Almost everything we do in material handling is highly customized without standard interfaces. Many times, especially for large jobs, we start with a clean sheet of paper, then design the same tasks and functions over and over with each client and with new interfaces each time. Looking at the impacts in the case of the mis-pick above makes us believe we are justified in our approach. Designers will typically borrow heavily from previous designs, but "borrowing" is frequently limited by the designer's experience and restricts us from embracing new technology.
As Jonathan Lee demonstrated, if you take a step back and analyze methodically, you'll find that even for the wide variety of science and other new technology payload packages that go to space, commonalities like power and communications are required for all space-based payloads. Standardizing just those "simple" interfaces shows great promise for efficiencies and improved flexibility when things change. We don't have to "standardize" the payload, but standardizing the interfaces makes a world of difference.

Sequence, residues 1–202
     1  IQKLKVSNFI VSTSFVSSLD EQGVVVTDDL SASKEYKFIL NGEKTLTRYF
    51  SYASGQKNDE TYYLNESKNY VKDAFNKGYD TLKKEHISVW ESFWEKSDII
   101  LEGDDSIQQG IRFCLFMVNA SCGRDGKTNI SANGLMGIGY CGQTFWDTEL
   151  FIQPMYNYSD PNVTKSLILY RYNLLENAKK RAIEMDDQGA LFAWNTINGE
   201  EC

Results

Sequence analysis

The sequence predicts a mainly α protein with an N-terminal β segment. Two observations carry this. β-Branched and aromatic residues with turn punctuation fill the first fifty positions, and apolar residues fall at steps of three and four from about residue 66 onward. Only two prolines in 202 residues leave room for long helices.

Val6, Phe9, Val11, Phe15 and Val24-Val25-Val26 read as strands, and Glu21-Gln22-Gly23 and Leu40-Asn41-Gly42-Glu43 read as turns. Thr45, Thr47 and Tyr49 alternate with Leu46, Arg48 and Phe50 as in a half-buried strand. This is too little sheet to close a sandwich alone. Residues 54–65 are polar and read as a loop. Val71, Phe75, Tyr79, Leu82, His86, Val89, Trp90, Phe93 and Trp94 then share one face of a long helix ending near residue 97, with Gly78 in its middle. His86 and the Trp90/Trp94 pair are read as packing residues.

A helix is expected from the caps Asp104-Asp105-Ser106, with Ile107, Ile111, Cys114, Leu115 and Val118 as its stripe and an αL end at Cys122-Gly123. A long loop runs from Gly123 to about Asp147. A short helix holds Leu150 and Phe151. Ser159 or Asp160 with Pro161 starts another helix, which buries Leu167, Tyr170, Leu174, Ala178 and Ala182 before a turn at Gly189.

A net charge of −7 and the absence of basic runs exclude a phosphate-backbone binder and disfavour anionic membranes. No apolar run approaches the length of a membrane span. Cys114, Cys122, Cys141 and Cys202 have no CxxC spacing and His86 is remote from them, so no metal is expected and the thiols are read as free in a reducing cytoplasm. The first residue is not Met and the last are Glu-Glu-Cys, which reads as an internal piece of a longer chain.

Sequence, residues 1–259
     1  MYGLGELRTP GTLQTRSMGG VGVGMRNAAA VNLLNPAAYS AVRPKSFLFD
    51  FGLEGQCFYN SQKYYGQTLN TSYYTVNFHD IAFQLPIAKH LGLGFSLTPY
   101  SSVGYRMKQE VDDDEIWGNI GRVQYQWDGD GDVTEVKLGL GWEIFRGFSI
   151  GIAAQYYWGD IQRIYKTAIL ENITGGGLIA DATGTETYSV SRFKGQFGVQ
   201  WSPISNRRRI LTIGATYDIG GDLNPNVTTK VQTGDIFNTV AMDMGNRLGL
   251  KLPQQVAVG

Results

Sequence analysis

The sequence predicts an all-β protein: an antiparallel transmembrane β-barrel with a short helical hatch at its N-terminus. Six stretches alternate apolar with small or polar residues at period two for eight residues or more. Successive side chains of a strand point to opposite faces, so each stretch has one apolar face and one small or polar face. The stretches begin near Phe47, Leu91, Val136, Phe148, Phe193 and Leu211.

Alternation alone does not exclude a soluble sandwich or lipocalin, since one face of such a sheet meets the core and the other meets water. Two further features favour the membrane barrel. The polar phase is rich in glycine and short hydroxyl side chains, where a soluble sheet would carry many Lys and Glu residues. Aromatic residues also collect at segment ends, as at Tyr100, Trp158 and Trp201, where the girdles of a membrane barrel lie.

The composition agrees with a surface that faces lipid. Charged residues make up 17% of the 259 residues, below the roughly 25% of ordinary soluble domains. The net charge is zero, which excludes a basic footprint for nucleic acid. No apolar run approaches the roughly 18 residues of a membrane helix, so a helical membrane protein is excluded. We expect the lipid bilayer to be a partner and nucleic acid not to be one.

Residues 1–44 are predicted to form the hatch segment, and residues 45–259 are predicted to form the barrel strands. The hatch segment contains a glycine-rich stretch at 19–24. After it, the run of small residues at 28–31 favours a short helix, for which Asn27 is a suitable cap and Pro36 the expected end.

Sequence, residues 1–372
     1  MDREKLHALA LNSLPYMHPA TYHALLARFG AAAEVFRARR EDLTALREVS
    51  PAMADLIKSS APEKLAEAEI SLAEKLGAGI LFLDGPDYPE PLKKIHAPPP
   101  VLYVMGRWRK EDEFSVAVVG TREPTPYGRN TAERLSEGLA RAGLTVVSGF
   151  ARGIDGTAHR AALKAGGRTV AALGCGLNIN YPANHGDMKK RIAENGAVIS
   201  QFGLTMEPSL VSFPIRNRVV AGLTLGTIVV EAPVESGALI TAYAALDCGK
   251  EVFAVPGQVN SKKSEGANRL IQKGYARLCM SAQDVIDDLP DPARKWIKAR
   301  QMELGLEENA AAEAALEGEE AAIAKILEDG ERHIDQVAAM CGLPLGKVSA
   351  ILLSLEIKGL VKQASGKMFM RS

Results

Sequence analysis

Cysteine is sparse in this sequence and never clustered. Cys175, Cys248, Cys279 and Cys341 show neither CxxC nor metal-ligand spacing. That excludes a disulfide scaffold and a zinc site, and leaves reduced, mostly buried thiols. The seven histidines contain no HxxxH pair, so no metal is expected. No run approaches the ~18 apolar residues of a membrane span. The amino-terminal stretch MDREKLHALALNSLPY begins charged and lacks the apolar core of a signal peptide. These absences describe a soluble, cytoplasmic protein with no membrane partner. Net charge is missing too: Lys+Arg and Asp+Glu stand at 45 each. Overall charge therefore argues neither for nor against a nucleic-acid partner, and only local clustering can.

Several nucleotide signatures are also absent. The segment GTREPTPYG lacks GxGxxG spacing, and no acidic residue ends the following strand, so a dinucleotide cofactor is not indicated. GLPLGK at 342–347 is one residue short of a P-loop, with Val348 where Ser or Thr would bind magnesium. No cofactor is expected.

While not performing a formalized functional analysis with IDEF0 models for a thesis, SVT Robotics has identified several base commonalities where the material handling industry can enjoy some high-value standardization. These are not standard designs – meaning workflow and equipment – but they are standard interfaces that can work across all equipment and adapt to all workflows. No, SVT can't change chocolate chip cookies into sugar cookies, but accessing these base ingredients of flour, sugar, or eggs allows you to pivot quickly. I can still use my current flour and eggs, even if I need to run to the store to grab raisins for my oatmeal raisin cookies.
As much as the space folks expect to see reductions in cost, schedule, and implementation of rapid substitutions, the material handling industry can achieve the same thing in material handling system deployment, using the SOFTBOT Platform.
Lest you think the analogy is not applicable (rocket science vs. dirty warehouses), I would remind you that we material handling industry practitioners can get un-bruised avocados around the world, daily, for morning toast. Yet, it takes those slackers in the space industry months to get even a single payload to Mars.